Const ForReading = 1

Set objFSO = CreateObject("Scripting.FileSystemObject")
Set objFile = objFSO.OpenTextFile("C:\Scripts\Test.txt")

i = 0

Do Until objFile.AtEndOfStream
    ReDim Preserve arrLines(i)

    strLine = objFile.ReadLine
    strItem1 = Trim(Mid(strLine, 1, 8))
    strItem2 = Trim(Mid(strLine, 9, 16))
    strItem3 = Trim(Mid(strLine, 25, 16))
    strItem4 = Trim(Mid(strLine, 41, 15))
    strItem5 = Trim(Mid(strLine, 57, 21))

    arrLines(i) = Array(strItem1, strItem2, strItem3, strItem4, strItem5)
    i = i + 1
Loop

objFile.Close

intLine = InputBox("Please enter a line number:")
intLine = intLine - 1

arrInfo = arrLines(intLine)
Wscript.Echo "IP address: " & arrInfo(1)
Wscript.Echo "MAC address: " & arrInfo(2)

Let’s see if we can explain how this script works. As you can see, we start things off by defining a constant named ForReading and setting the value to 1; we’ll use this constant when we open the text file C:\Scripts\Test.txt. After defining the constant we create an instance of the Scripting.FileSystemObject object, then use this line of code to open Test.txt for reading:

Set objFile = objFSO.OpenTextFile("C:\Scripts\Test.txt")

As soon as the file is open we assign the value 0 to a counter variable named i. And once we’ve done that we’re ready to get down to business.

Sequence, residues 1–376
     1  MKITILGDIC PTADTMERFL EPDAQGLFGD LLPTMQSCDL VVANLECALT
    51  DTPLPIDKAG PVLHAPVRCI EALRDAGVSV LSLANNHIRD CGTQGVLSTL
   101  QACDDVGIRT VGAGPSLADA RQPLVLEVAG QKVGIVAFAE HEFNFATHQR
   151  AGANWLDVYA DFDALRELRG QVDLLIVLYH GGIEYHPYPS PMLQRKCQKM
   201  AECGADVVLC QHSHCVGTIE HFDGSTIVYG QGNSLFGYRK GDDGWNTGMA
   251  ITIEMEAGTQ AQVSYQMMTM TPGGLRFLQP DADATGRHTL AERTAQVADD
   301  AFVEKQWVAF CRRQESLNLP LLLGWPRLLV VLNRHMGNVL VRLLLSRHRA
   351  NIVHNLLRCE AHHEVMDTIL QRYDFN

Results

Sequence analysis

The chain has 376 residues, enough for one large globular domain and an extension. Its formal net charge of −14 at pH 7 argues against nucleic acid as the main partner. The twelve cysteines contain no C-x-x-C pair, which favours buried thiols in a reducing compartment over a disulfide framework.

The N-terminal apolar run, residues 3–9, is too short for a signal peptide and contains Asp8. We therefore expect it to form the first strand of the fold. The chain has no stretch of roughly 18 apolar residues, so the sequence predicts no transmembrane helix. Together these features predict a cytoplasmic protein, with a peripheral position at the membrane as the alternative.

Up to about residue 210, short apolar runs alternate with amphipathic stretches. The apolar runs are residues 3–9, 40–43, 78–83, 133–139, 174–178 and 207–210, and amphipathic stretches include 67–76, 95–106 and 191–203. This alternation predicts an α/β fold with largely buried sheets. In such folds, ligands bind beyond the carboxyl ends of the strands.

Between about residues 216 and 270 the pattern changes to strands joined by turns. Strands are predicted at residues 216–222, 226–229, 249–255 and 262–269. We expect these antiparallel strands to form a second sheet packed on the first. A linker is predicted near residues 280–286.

Note. Actually, we’re ready to relate another bit of Vulcan trivia: every 7 years Vulcans face an overpowering mating drive known as pon farr; during this time Vulcans must have … contact … with someone lest they go insane or even die.

And no, we have no comment on that. Like Fox News, we report; you decide.

Now, back to the script. After we configure out counter variable we set up a Do Until loop designed to loop until our text file’s AtEndOfStream property is True; that simply means that we want to keep reading from the file until there’s nothing left to read. Inside this loop, the first thing we do is use the ReDim Preserve command to redimension our array to the value of the counter variable i:

ReDim Preserve arrLines(i)

The first time through the loop i is equal to 0; that means we’re creating an array of size 0. That, of course, means that we’re creating an array capable of containing 1 item. Arrays always hold 1 more item than their size. Which, in addition to our arrogance, is yet another reason Vulcans find humans so perplexing.